“The coldest winter I ever spent was a summer in San Francisco”
– falsely attributed to Mark Twain
It’s August of 1953, and the San Francisco waterfront is a beehive of activity as the nation’s premier West Coast export port. While the conflict in Korea has just ended, there remains an enormous effort to keep the UN forces well supplied with American arms and goods. Much of that leaves North America from the piers of The Embarcadero, the shipping hub of San Francisco Bay.
The Port of San Francisco operates the State Belt Railway in order to provide uniform access to all of the piers and shipping facilities. The State Belt accepts cars from the SP for delivery as indicated. However, the Belt also interchanges cars with the Santa Fe, the Western Pacific, and even the Northwestern Pacific, thus helping to keep the Southern Pacific (the Octopus of California politics) from completely dominating traffic to The City.
Never more than a couple of blocks from the waterfront, the State Belt services Piers 1-46, ranging from Fisherman’s Wharf on the north end to China Basin (today, the location of the Giant’s ballpark) on the south. In between is a dense collection of warehouses, factories, freight houses and other industries which require rail service. Tracks run in the street, and as the streets of this area tend to be crowded during the day, the railroad operates primarily at night, moving cars as directed by the interchange railroad.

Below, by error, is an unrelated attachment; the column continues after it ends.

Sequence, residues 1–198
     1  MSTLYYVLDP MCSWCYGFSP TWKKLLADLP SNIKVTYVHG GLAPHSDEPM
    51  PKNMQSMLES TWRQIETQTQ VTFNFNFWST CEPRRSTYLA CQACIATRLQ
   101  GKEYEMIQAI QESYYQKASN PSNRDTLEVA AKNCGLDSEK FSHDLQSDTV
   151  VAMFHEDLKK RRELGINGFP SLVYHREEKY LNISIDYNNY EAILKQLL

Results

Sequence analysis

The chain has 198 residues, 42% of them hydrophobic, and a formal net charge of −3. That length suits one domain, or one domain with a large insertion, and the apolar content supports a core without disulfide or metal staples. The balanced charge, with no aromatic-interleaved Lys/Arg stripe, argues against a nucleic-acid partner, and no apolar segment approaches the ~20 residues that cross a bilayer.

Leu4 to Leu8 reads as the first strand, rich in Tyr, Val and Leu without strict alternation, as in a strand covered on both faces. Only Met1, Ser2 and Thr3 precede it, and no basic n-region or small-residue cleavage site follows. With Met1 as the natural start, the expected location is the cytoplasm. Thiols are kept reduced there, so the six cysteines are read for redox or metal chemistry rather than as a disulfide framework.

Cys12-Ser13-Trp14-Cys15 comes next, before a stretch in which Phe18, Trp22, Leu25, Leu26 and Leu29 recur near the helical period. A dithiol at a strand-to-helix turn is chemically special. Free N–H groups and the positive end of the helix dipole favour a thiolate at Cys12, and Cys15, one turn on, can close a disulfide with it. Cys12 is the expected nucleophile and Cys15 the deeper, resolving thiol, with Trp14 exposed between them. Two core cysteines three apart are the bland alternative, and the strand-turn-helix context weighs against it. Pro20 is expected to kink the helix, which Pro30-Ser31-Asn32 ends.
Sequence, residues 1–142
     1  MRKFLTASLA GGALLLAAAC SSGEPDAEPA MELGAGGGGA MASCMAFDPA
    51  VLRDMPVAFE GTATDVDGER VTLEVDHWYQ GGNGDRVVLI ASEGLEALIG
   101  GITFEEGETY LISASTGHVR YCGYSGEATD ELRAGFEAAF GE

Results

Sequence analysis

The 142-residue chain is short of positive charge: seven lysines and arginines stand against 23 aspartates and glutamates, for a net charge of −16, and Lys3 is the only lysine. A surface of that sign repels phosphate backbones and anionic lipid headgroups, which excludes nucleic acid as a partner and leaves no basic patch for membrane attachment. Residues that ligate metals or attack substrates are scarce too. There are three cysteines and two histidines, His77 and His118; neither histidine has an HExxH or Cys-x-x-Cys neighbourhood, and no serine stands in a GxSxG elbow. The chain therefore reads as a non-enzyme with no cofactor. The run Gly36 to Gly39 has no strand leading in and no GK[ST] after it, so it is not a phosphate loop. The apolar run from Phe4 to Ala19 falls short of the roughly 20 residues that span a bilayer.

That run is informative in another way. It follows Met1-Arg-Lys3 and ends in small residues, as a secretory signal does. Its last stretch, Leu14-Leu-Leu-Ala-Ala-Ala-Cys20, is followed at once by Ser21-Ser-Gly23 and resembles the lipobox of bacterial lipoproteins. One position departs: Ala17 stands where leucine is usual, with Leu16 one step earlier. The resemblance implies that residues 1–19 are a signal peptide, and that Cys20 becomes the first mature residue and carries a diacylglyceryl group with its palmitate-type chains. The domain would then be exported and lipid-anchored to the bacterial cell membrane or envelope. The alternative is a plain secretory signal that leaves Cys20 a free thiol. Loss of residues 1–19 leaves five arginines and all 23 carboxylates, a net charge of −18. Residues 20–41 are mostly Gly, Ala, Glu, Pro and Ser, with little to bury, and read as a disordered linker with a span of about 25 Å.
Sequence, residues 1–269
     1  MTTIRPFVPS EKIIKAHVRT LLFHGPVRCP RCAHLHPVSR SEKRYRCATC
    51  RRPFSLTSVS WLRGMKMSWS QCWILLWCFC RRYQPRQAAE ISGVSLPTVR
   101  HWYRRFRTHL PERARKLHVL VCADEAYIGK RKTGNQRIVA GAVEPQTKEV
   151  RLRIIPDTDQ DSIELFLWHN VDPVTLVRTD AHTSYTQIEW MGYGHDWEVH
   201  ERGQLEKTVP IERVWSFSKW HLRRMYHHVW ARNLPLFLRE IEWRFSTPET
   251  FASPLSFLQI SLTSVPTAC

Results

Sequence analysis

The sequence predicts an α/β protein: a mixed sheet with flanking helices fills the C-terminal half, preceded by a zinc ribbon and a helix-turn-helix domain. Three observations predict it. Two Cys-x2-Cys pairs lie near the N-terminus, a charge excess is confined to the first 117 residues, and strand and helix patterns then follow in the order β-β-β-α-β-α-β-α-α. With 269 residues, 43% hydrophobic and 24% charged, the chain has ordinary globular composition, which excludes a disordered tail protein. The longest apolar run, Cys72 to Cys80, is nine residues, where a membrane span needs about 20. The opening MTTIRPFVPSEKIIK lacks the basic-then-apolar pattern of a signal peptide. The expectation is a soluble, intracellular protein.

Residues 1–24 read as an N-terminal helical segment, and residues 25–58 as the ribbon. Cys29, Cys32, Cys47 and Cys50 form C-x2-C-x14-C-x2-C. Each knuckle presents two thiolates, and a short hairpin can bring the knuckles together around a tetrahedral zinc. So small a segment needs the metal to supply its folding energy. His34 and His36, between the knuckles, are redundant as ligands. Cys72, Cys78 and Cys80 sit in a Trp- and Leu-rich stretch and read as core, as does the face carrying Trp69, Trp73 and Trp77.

Form B-7’s are used to indicate which cars need to be moved. They’re not switch lists (but they look like them), and they’re not car cards with waybills (but they function like them). You’ll get the hang of it quickly, I’m sure.
This instance of the State Belt Railway of California is not yet complete, but has about a third of the design ready to operate.
Please check out Dave's website for recent photos.
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